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Augustine was born in 354 in the city of Thagaste in Numidia (now Souk-Ahras in Algeria, northern Africa). This made Augustine a slightly younger contemporary of Jerome, who had been born perhaps 15 years earlier, sometime around 340.
Like Jerome, Augustine was trained as a rhetorician in Carthage, and he taught in Rome and in Milan (northern Italy). Unlike Jerome, Augustine converted to Christianity later in life. In fact, as you will read this week in his Confessions, Augustine converted to Christianity in 386, when he was in his early thirties and living in Milan. (In terms of chronology, this as just a few years before the emperor Theodosius would actually outlaw pagan religious practices throughout the Roman empire in 391.) After his baptism, Augustine then studied under Bishop Ambrose of Milan and was soon appointed Bishop of Hippo in 396 (like Carthage, Hippo was a city on the coast of North Africa). Augustine spent the remainder of his life in Hippo and died there in 430. At the time of Augustine's death, the city was under siege and shortly afterwards fell to the Vandals.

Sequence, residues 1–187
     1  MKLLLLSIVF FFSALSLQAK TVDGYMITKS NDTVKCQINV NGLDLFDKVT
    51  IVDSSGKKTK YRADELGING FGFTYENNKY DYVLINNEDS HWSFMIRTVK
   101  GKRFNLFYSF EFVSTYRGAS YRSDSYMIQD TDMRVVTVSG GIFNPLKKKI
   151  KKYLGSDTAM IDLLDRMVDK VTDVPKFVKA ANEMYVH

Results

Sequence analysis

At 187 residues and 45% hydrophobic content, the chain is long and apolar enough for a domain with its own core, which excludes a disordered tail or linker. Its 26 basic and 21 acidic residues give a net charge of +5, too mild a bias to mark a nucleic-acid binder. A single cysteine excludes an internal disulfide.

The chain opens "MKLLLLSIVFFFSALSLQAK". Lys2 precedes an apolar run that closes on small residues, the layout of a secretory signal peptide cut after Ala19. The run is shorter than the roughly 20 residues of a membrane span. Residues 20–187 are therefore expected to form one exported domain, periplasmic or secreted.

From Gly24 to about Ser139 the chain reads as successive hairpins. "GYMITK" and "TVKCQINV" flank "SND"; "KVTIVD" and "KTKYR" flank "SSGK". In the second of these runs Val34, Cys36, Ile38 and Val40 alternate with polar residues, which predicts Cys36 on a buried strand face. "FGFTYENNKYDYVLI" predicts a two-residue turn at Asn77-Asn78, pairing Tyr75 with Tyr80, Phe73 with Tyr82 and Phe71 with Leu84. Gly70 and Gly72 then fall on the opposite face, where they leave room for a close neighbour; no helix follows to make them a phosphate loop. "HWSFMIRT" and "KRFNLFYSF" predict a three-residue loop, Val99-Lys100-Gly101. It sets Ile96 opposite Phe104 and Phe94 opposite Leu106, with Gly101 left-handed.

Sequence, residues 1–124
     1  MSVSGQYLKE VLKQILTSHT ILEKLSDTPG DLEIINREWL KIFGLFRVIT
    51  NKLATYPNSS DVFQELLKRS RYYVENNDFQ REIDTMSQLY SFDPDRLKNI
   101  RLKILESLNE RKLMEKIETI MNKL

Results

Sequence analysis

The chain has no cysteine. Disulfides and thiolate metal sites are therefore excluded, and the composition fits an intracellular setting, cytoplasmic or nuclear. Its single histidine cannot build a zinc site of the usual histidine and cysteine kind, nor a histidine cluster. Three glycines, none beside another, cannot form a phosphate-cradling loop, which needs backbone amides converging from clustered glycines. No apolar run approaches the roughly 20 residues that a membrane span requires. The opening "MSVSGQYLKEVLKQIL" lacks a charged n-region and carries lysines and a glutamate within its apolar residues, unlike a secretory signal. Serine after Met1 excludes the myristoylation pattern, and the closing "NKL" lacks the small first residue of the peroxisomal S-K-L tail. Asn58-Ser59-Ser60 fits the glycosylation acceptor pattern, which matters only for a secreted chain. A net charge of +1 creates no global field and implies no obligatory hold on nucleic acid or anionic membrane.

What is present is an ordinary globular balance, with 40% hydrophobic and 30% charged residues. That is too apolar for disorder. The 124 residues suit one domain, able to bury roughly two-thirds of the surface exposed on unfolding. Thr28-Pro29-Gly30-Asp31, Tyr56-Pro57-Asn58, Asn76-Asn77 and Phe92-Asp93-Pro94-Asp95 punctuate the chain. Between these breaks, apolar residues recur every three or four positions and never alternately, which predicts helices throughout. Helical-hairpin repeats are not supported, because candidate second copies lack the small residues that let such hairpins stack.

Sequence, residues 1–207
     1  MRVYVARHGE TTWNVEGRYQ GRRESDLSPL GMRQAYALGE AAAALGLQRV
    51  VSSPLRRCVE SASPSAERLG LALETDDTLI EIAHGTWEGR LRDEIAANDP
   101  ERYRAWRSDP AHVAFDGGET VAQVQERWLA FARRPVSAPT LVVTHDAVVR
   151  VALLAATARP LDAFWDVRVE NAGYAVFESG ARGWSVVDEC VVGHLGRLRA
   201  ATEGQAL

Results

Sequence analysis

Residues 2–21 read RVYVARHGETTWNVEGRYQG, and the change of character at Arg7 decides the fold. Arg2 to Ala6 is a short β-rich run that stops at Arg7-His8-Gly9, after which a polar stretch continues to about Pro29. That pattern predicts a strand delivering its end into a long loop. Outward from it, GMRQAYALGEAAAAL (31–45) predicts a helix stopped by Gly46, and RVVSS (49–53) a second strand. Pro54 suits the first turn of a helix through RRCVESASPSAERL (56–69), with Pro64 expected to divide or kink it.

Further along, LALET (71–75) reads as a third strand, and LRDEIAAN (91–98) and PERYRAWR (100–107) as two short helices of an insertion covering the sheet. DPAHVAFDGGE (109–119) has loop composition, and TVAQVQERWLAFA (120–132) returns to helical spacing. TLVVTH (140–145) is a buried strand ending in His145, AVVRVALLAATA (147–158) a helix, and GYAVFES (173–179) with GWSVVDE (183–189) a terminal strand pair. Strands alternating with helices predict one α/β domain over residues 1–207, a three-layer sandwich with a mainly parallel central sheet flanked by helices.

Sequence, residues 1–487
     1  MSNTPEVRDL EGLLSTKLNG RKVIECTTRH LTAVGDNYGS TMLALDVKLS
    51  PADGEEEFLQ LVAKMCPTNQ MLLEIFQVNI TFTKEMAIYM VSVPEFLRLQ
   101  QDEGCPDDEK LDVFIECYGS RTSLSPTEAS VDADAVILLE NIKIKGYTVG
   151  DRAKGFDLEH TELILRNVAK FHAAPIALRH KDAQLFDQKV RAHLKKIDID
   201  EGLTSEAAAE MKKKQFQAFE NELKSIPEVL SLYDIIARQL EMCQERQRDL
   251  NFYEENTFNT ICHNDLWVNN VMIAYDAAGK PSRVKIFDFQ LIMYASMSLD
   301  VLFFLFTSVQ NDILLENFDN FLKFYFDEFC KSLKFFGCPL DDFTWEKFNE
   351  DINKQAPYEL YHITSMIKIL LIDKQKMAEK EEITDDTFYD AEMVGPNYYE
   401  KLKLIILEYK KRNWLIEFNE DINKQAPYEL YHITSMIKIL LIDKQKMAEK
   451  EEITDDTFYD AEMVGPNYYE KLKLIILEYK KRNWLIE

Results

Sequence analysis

Augustine represents an extraordinarily important source for those interested in the establishment of Christianity, in the formation of medieval Europe, and also in the history of ancient Greece and Rome. Augustine was a deeply learned man and he had access to major works of ancient scholarship which have since been lost, notably Varro, who is a major source for Augustine's accounts of the Greeks and the Romans in De civitate dei. We will be reading selections from De civitate dei next week.
Unlike Jerome, was very utterly a man of the West and wrote in highly rhetorical Latin, even when narrating the intimate details of his personal life as he does in the Confessions which you will be reading from this week. Augustine's Latin is not "vulgar" Latin, and you will probably find it much more difficult to read than the selections from the vulgate Bible that you read over the past few weeks. In fact, Augustine quarreled with Jerome (see his letters) about Jerome's translation of the Bible following the Hebrew texts. Augustine clearly preferred a Latin that was closer to the classical Latin tradition, and you will find that his Latin is strikingly different from the Latin of Jerome's Bible translation.
You will read two sections from Augustine's Confessions this week. In the first section, Augustine desribes - with great regret - an act of theft he committed in his youth: he and some friends stole the pears from a neighbor's pear tree. Although Augustine has many other regrets about the "wild life" he spent as a young man, he devotes considerable attention to this theft of the pears; it is one of the most famous scenes from the Confessions. Then, you will read Augustine's own description of his moment of a conversion: an intense and mysterious event in his life, when he was prompted by a voice to "Tolle lege", pick it up and read. You will find out just how this happened, reading the story in Augustine's own words.